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Old 01-28-2013
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Re: Can someone explain roach to me?

Aerodynamic theory explains that the more perpendicularly the airflow crosses or leaves the trailing edge the more efficient the total aerodynamic effect.
A roach extends the sail’s area in the upper section so that this area more approximates or approaches the above. (and because it more rapidly transitions the ‘tip’ geometry toward that desired 'perpendicular to exit flow' geometry)

Iceboats carry radically raked masts to approximate the same - leech almost dead perpendicular to the horizontal.

The latest modern racing rigs have extended 'flat head' mainsails for the same reason --- more perpendicular flow ‘off’ of the leech; for more maximized efficiency and more optimized lift. The more efficient the mainsail, …. the jib becomes more aero-efficient, too … when sailing ‘aerodynamically’.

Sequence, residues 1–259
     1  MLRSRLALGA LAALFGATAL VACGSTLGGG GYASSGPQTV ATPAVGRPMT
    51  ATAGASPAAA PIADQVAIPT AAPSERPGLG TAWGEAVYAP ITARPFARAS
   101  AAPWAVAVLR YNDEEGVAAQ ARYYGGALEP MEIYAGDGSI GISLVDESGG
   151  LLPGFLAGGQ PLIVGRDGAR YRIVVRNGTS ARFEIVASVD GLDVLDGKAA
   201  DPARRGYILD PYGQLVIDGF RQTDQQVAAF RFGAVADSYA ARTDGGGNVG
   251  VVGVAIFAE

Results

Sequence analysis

The absolute master of aerodynamic design for similar wind speeds, does the same ---- the albatross’ wing.
(So don’t be at all surprised when someday in the future you might even see mainsails with extended ‘primary feathers’ along the top of that big ‘square-ish’ & ‘flat top’ mainsail.)


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BTW ... fabric sails dont have 'thickness', and therefore much of what you learned from sailing books about what causes ‘lift’ doesnt happen in that manner, and yet the Wright Brothers original wings were essentially sails with essentially NO thickness …… hmmmmmm.
More confusing to sailors, and some pilots, some of the airflow circulates 'around' a wing/sail (even ‘thick’ wings) ... there is a flow 'component' on the 'windward side' that is going --- FORWARD, due to the circulation flow ‘around’ the wind/sail!
Aerodynamics is definitely NOT an intuitive science, and your (US) high school 'science' teacher's explanation of 'lift' was almost DEAD WRONG

Last edited by RichH; 01-28-2013 at 06:27 PM.
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